Thick crowds poured onto the grounds of Munich's Oktoberfest today despite a bomb explosion last night that left 12 dead, 144 injured and few hard leads for the police.
Munich authorities, who had considered cutting short the famous beer fest midway through its two-week run, announced instead that the fair would be closed only on Tuesday for a day of mourning for those hurt in the blast.
The Oktoberfest's carnival blend of great drinking halls and outdoor amusements has drawn foreigners from around the world since it was established in 1810.
Among those dead who have been postively identified are one Briton, one Swiss, two Austrians and five West Germans, including three children. One Bavarian official said there was no indication that any Americans were among the victims.
Government officials offered a reward of $55,000 for information leading to those responsible for the attack. Police reported having received about 70 anonymous tips, including one linking the bombing to a group that claimed responsibility for an August bombing in Bologna, Italy, that left 84 dead.
The atack, West Germany's worst postwar bomb explosion, thrust the issue of security into the minds of West Germans three years after the last major terrorist action and one week before national elections.
For months police have been warning against a possible resurgence of terrorist activity in West Germany expressly intended to influence the election. The theory has been that terrorists would want to bring off a major coup to cause a rightist backlash, which would usher into power the right-of-center opposition candidate for chancellor, Bavarian state premier Franz Josef Strauss.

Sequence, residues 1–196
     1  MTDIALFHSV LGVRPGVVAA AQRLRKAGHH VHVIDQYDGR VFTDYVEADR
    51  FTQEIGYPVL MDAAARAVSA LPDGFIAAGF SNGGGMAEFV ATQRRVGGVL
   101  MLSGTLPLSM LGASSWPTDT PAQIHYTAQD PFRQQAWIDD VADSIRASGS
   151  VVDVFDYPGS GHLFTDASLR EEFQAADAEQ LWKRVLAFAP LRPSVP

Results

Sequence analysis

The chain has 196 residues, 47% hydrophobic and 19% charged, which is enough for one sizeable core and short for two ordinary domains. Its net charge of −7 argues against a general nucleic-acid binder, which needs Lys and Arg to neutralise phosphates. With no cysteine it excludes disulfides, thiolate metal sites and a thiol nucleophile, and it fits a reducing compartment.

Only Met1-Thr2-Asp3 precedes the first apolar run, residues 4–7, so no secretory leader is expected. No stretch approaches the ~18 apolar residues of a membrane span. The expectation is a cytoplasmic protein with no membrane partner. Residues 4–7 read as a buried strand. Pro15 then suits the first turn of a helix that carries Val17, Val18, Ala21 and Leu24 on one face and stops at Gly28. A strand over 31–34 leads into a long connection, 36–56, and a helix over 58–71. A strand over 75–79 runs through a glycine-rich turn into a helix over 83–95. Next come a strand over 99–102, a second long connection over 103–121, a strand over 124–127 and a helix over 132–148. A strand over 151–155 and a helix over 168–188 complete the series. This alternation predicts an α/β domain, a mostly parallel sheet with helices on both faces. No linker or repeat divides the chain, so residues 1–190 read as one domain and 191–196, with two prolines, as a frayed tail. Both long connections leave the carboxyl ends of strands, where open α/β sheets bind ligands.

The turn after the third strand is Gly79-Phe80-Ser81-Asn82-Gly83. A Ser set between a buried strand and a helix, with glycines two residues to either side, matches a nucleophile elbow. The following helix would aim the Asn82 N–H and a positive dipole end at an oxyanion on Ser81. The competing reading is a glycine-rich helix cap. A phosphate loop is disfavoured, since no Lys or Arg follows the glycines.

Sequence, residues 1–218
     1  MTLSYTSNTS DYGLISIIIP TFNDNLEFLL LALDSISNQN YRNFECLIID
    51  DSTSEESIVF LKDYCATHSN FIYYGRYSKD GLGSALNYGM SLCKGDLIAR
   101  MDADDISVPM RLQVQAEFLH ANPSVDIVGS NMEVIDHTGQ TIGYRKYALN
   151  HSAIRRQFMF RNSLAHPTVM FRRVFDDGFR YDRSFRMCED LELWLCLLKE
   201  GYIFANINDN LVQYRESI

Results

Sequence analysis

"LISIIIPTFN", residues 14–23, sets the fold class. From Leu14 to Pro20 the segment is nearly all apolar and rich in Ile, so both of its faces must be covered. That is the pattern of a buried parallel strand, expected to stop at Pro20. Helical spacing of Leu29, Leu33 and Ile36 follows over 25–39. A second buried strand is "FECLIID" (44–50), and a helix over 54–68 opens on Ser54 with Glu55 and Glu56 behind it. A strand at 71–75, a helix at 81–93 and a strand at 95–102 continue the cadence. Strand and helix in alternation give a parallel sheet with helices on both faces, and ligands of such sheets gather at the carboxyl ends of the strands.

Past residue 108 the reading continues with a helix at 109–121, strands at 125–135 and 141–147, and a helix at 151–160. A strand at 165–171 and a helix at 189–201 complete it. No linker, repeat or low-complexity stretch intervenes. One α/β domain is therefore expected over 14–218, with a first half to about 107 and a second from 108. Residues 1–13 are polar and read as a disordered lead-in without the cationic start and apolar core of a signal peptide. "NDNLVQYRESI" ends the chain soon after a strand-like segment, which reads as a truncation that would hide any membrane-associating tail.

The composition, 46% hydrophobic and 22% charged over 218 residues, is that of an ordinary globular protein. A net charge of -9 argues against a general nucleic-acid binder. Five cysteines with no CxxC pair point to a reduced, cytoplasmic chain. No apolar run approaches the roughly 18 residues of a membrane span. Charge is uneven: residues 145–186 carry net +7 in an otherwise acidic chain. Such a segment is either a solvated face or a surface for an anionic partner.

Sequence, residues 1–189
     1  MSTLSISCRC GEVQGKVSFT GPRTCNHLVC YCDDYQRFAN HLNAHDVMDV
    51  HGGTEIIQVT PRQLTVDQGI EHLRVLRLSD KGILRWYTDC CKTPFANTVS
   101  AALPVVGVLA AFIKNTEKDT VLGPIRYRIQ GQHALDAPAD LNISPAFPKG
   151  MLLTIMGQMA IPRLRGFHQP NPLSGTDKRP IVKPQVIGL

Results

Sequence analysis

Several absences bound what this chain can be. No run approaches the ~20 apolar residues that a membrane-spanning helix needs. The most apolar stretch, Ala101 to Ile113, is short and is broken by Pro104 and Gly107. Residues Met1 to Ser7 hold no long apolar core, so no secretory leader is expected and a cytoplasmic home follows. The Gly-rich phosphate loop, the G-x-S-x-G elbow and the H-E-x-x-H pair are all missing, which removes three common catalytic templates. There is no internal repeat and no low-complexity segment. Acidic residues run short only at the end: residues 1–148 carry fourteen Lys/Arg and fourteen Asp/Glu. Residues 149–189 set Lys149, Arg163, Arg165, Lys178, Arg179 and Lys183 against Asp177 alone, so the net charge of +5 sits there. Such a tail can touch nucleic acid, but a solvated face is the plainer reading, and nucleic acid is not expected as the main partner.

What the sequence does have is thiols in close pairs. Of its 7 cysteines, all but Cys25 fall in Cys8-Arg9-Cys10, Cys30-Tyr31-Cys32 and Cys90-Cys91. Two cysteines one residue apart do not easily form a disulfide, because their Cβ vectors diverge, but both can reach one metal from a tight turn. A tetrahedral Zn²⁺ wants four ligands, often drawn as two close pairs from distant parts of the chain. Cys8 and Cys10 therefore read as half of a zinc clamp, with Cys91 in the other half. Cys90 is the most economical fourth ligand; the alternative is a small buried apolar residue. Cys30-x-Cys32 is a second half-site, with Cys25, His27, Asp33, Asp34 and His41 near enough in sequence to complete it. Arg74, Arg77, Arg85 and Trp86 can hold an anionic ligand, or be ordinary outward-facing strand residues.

Under Strauss, so the theory goes, the left would be united and terrorism would flourish because its practitioners would claim to be fighting a fascist state.
Still, some police officials tended to discount leftist responsibility for the explosion yesterday, noting that such mass attacks resemble more closely the tactics of rightist groups.
In line with this, the West German mass-circulation paper Bild am Sonntag reported that the first phone call it received after the explosion was from a woman who, speaking bad German in a French accent, claimed right-wing extremists were responsible for the Oktoberfest bomb.
"We are of the right wing from Bologna," she said. "We are against the reds. We made the attack yesterday. We will continue."
While West German authorities were unprepared yet to credit any group with the attack here, Bavarian Interior Minister Gerold Tandler said the bomb seemed to be the work of "a professional." Sources described it as a cast-iron tube, less than an inch wide, filled with two to six pounds of explosives that were electronically triggered.
The bomb exploded at 10:18 p.m. in a green waste bin located at the main entrance of the fairgrounds. Coming a short time before the beer halls closed, the attack was timed for peak exit period.
Observers reported the explosion sent a sheet of flame 40 feet into the night sky and could be heard for blocks. There was panic, screaming and weeping, they said.
But 12 hours later when the festival grounds reopened, the charred entrance scene had been washed clean with water hoses and new flagstones were already cemented in place where the bomb had gouged a deep crater.
On the sidewalk, wreaths of flowers were placed by unknown persons. A note was attached that read, "People died here yesterday. If you still want to visit the Oktoberfest, then remember that children, women and men were torn to shreds where you are now standing."
With Munich filled by 600,000 visitors, Mayor Erich Kiesl said in a television interview that he had been reluctant to close the Oktoberfest, leaving crowds stranded.
Although many attending the festival said they were saddened by yesterday's tragedy, the prevailing sentiment appeared to be for the fair to continue until its normal conclusion Oct. 5.
"The show must go on," said Hermann Wandesleben, a Munich insurance agent. "If we stop it now, then we come under the influence of violence like this. We are upset, we are angry. But it is like the 1972 Olympics here [in which Israeli athletes died in a Palestinian terrorist attack]. Those Games continued too."